St Dunstan in the East

Green Spaces in The City of London

During the past couple of weeks I've been walking in and around the City of London exploring green spaces in preparation for possible sites options for the Chelsea Fringe Festive next year.

St Dunstan in the East
I fell in love with this space whilst searching for a home for Experiential Spaces and thought I would revisit it once again to see if it could work for the Fringe. What's left is the exterior walls of a medieval building which was destroyed during world war two bombings. Once again we see these spaces being used by the local workers as an opportunity to step out of the working environment and spend a little time outside. It's such a wonderful place the quality of light is stunning and the trees have also inhabited the interior and exterior perimeters. 

The following three sites I continued with were all in very close proximity to St Paul's Cathedral.
The first spot was Christ Church Greyfriars Garden on King Edward Street. This sits on the 13th century site of the Franciscan church of Greyfriars. Unfortunately it was destroyed in the great fire of London in 1666. It was rebuilt by Wren and once again destroyed during the second world war bombing in much the same way as many other buildings in and around the surrounding areas.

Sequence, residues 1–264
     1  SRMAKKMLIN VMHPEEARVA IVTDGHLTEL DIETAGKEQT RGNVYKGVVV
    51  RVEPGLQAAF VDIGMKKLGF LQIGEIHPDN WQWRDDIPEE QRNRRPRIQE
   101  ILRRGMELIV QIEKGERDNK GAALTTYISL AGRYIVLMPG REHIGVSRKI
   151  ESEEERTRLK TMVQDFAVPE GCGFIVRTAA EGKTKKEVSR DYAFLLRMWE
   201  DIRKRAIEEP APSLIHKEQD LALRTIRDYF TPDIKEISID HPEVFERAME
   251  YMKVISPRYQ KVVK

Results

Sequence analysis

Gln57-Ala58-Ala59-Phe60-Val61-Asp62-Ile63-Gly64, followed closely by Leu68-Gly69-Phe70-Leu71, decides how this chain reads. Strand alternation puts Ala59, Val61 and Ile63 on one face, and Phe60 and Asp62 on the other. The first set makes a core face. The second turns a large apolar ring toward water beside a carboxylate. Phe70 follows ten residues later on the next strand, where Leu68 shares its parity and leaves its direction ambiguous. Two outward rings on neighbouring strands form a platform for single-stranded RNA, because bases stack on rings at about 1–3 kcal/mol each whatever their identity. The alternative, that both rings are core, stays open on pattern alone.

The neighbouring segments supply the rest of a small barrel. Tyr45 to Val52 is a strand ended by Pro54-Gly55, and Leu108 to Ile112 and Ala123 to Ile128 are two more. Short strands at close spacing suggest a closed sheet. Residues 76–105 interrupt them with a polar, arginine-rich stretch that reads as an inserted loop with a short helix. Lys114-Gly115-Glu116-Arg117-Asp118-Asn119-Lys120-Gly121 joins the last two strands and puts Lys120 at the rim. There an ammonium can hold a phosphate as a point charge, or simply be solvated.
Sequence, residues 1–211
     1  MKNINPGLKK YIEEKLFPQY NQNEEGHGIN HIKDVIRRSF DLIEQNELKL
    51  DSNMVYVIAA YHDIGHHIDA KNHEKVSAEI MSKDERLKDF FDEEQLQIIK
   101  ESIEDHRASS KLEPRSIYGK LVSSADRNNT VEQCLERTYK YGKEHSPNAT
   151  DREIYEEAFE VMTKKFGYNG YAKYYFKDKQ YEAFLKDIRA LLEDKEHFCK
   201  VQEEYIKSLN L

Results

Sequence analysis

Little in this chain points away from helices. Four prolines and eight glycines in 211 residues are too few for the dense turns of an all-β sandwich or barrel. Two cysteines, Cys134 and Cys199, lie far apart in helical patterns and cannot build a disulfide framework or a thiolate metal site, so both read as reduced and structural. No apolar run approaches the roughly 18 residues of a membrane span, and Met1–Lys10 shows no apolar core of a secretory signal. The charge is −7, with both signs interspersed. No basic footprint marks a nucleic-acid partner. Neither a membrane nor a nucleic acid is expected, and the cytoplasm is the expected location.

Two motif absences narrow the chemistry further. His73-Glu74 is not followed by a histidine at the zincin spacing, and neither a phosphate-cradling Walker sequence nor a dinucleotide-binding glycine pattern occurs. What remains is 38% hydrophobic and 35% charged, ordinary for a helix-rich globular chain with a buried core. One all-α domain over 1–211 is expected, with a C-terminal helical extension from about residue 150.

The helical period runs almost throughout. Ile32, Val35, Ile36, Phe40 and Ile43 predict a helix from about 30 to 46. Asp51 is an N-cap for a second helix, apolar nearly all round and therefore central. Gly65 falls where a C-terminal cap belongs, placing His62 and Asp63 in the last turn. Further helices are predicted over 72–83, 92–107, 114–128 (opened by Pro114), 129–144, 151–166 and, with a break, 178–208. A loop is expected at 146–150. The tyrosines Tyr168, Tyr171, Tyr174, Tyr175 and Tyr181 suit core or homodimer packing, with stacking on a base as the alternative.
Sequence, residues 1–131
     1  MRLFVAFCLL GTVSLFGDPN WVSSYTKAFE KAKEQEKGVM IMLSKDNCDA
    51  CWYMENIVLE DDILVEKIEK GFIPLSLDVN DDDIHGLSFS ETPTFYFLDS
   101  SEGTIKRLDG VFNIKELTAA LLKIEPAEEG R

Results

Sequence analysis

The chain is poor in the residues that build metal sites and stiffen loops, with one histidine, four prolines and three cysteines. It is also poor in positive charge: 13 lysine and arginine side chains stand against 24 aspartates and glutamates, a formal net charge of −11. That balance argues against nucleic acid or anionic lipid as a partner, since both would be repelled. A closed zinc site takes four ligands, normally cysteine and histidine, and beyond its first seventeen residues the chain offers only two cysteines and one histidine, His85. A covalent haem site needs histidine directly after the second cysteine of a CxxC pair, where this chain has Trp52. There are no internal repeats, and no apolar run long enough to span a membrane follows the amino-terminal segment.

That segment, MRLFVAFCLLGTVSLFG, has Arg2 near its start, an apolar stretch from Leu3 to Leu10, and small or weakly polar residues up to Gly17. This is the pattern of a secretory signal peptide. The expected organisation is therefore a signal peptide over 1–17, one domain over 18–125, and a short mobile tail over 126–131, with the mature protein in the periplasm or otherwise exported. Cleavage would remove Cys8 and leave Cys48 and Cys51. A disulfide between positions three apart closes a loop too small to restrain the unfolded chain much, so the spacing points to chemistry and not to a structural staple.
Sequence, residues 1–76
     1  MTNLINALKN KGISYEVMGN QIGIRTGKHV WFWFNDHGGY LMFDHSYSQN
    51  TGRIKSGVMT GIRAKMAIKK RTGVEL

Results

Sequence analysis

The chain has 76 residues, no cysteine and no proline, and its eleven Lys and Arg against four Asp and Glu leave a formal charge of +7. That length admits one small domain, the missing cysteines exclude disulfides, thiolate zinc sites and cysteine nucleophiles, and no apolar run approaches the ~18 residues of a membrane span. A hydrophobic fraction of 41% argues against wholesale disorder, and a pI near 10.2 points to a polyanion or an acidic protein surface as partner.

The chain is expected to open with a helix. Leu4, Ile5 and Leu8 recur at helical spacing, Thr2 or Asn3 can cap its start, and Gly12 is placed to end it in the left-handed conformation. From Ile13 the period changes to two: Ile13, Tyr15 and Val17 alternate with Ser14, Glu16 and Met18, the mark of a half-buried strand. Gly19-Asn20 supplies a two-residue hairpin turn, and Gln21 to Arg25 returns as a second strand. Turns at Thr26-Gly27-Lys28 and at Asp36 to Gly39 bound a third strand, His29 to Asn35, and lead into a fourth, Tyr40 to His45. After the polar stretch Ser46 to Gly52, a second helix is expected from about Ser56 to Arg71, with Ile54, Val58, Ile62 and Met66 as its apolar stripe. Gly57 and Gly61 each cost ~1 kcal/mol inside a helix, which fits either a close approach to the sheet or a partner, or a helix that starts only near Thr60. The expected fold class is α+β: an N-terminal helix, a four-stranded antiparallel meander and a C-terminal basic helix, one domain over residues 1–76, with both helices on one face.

What exists today is a beautiful scented garden which mirrors the original structure of Wren's church, and is huddled in-between two main roads.

Although I really liked this space Sasha and I both agreed that it's already a fully established space and wouldn't really benefit from any kind of intervention. 

The Postman's Park 
Also on King Edward Street and a moments walk from Greyfriars Garden. This was quite different in atmosphere and the structure of the space. It was originally two grave yards and there are also two entrances in and out of the park. It's perfectly positioned as you leave the park from the opposite end you are immediately confronted with the Museum of London.

It's known as the Postman's park as it used to be a popular place for the post office workers to spend their lunch. It's now known as a memorial garden for those who died in heroic acts losing their life to save others. 

St Bartholomew's the Great
Sits in West Smithfield very close to the Meat Market. It was founded in 1123 as a Augustinian Priory. Unlike Greyfriars Garden and St Dunstan in the East over on St Dunstan's Hill this site survived the great fire aswell as being untouched by the WW2 bombings. 

It's a relatively small space with two sides sitting on different levels. The back of the church runs along Cloth Fair during the medieval period cloth and fabric was bought and sold here.
I instantly found that fascinating particularly as we are considering the use of fabric within the final design. 

Sasha and myself plan to walk these spaces together next week, We thought it would be interesting to initially visit the spaces separately so we would be able to discuss our thoughts without the distraction of one other's opinions on the first visit.